Cheap Amateur Radio. The FT-450D and holy s**t it’s cold! And some flowers and stuff

Okay, can we stop with this nonsense already? It’s only Nov 8, for pete’s sake! Normally we don’t get really cold weather and snow until mid to late December. Usually it’s in the mid 30s to low 40s this time of year and you can still go outside without freezing your bits off. Last night it was 10 degrees. Night before that it was 11 degrees. And snow? Really? A lot of years we’re lucky if we have snow by Christmas. In the last two weeks we’ve had a total of about 12 inches here. Most of that melted off, thank goodness, but now that the temperatures have plummeted it’s sticking around.

There’s so much we didn’t get done outside this fall. Between MrsGF’s knee surgery and everything else that’s been going on, I just didn’t have time to get everything done. I didn’t get some of the dahlias dug up, so those are probably going to be a total loss. Didn’t get any of the leaves raked because I was waiting for both the pear tree and the maple in the backyard to shed their leaves. Only they didn’t this year for some reason. It’s been a strange, strange autumn.

On the plus side, MrsGF’s Christmas cactus is in full bloom and it’s gorgeous. I know a lot of people who just can’t get these things to blossom no matter what they do, but MrsGF has a real knack with plants. I’m not sure what it is. I suspect she could take an old, half rotted twig, shove it in the ground, and in a few weeks it would turn into a healthy tree. This thing just keeps going and going. Some years it blooms twice.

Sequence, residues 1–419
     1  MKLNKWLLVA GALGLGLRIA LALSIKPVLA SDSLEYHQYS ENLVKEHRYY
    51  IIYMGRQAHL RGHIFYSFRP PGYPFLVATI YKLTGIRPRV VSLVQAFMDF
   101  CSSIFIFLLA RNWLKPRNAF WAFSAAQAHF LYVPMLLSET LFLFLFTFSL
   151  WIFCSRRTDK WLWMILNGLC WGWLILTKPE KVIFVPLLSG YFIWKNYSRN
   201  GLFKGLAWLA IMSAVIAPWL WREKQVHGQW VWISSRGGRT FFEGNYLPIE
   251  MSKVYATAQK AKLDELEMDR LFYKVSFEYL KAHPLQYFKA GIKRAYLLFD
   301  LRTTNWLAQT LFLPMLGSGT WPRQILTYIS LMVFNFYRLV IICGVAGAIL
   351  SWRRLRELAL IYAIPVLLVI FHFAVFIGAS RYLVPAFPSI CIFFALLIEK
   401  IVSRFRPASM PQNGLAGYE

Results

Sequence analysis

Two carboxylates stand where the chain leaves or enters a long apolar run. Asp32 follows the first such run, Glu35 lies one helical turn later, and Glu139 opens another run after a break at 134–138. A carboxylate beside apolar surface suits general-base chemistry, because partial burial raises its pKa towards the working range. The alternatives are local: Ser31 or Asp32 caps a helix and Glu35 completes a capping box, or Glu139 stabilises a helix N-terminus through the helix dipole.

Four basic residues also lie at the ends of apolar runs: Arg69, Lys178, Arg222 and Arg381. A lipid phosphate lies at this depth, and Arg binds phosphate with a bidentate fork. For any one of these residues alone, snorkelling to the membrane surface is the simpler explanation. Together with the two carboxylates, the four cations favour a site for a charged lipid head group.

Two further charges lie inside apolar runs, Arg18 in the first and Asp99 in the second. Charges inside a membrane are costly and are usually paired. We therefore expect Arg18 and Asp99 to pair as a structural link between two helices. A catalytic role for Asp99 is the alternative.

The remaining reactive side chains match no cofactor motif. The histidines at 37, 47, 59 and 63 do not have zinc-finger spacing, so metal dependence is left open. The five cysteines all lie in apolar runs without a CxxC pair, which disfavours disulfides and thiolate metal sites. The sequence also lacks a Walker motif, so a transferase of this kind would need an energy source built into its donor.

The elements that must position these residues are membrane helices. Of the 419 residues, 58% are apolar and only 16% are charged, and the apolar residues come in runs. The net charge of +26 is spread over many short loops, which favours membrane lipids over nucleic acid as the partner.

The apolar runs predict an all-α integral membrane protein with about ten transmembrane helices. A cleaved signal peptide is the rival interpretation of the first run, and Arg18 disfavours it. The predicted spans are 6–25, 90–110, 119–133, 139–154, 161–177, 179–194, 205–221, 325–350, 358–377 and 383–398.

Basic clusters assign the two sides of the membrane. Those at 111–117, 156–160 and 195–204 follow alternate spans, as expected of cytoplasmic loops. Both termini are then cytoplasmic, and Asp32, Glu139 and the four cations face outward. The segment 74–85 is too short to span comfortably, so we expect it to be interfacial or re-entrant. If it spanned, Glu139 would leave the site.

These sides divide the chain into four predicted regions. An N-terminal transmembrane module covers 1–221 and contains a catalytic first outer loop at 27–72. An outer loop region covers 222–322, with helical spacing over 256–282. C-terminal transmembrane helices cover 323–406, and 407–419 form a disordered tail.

And she has a rose bush in the living room this year, also in full blossom, in November. I don’t know how she does that, either. But it does make me grin like an idiot to have a rose in full bloom while it’s 10 degrees and snowy outside.

But I was really going to talk about amateur radio stuff when I started all of this so let’s get on with this…

Yaesu FT-450D hooked to the SCU-17 interface. It’s been in production for a while but it’s still one heck of a nice little radio for the money

Oh, before that, though, I thought I’d just throw this in even though it has nothing to do with the headline starting this off. This is what it looked like here on Oct 31 a little after 6 AM.

Last day of October in Wisconsin.

Now I know this is Wisconsin and the weather here is a bit, well, odd, but still, really? Ick.

Now, finally, the amateur radio stuff!

The Dilemma

Whenever I start talking to someone about amateur radio, whether they’re other amateur radio operators or people who know nothing at all about it, invariably the topic turns to cost, and it becomes clear immediately that a lot of people, including a lot of hams, think that amateur radio is way too expensive. A lot of people I know who would otherwise be interested in getting into the hobby think it’s so expensive they could never be able to afford it. And that simply isn’t true.